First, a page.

Facultative anaerobic gram-negative coccobacilli in the genus Yersinia (most commonly Yersinia enterocolitica serogroups O:3; O:5,27; O:8; and O:9).
Consuming or handling contaminated food (most commonly raw or undercooked pork products), unpasteurized or inadequately pasteurized milk, or untreated water; or by direct or indirect contact with animals.
Most common in northern Europe (particularly Scandinavia), Japan, and Canada. Risk is higher in cooler months in temperate climates. The incidence among travelers to developing countries is generally low. People with high iron levels are at higher risk of infection and severe disease.
Incubation period is 4–6 days (range, 1–14 days). Symptoms include fever, abdominal pain (may mimic appendicitis), and diarrhea (may be bloody and can persist for several weeks). Necrotizing enterocolitis has been described in young infants. Reactive arthritis affecting the wrists, knees, and ankles can occur, usually 1 month after the initial diarrhea episode, resolving after 1–6 months. Erythema nodosum can also occur, manifesting as painful, raised red or purple lesions along the trunk and legs, usually resolving spontaneously within 1 month.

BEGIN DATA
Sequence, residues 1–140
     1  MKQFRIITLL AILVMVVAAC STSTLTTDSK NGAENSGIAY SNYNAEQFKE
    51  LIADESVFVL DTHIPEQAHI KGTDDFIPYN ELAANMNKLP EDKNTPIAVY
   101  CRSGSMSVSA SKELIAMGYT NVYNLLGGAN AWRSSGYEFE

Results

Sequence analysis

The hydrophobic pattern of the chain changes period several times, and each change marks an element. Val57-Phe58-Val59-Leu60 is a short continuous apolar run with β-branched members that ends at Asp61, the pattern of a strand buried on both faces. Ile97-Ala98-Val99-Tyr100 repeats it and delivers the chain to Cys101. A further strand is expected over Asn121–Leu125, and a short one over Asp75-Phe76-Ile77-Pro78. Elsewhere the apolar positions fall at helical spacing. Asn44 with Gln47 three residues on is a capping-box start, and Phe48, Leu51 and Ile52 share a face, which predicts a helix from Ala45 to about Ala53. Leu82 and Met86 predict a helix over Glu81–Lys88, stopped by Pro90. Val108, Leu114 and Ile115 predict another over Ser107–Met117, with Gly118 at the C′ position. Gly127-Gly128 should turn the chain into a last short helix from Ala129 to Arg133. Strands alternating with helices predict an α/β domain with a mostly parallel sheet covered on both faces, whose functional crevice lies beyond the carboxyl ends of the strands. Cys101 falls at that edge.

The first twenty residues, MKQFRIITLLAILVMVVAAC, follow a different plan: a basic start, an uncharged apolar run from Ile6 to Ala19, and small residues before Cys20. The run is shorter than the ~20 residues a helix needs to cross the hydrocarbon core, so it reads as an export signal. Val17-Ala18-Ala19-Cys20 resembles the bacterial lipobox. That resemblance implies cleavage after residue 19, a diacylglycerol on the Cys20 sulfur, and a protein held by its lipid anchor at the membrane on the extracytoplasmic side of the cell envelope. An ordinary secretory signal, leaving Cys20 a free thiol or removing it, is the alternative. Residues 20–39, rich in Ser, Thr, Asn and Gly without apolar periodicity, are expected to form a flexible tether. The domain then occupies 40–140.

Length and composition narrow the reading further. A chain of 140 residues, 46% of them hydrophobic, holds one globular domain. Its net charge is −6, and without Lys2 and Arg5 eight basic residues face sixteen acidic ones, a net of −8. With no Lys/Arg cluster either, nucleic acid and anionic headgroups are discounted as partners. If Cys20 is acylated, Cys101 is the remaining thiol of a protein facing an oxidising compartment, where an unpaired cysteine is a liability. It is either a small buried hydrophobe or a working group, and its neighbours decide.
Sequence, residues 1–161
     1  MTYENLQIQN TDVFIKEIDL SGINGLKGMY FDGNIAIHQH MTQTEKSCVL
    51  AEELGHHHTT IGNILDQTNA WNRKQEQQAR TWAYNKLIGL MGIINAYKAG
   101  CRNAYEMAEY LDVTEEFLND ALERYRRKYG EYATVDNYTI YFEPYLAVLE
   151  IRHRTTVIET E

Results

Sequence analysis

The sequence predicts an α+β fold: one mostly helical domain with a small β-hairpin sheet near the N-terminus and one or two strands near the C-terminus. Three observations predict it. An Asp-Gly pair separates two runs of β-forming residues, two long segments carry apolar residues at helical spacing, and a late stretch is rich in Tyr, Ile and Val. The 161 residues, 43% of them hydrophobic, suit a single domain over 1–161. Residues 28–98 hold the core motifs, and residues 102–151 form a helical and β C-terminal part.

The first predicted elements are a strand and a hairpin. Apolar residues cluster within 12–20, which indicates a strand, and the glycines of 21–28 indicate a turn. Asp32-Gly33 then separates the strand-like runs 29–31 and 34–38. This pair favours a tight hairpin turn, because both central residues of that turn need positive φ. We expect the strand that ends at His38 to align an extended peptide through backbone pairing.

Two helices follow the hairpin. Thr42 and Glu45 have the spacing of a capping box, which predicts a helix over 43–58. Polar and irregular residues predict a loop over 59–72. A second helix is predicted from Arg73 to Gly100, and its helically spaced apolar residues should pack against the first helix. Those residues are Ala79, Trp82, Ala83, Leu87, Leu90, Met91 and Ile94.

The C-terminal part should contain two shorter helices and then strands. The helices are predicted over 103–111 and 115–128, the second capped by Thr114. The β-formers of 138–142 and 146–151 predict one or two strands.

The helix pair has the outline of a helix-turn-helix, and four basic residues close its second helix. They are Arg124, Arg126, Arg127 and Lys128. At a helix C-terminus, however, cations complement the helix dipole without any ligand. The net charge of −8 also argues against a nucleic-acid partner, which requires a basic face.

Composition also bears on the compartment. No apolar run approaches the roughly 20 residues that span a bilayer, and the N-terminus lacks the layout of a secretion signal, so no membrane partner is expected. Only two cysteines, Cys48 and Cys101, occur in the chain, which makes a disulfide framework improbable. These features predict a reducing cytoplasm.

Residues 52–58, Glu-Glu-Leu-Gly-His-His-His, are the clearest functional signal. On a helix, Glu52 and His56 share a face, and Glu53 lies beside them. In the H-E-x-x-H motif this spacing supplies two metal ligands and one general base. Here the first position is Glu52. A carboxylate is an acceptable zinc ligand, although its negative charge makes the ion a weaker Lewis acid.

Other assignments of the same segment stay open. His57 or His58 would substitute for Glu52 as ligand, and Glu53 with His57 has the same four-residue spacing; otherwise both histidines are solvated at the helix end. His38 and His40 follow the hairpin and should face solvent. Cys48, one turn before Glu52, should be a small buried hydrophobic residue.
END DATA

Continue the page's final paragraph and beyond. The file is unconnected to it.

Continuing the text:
Isolation of the organism from stool, blood, bile, wound, throat swab, mesenteric lymph node, cerebrospinal fluid, or peritoneal fluid. If yersiniosis is suspected, the clinical laboratory should be notified and instructed to culture on CIN agar.
Antibiotic treatment should be given for severe cases. Y. enterocolitica isolates are usually susceptible to trimethoprim-sulfamethoxazole, aminoglycosides, third-generation cephalosporins, fluoroquinolones, and tetracyclines; they are typically resistant to first-generation cephalosporins and most penicillins. Antimicrobial therapy has no effect on postinfectious sequelae.
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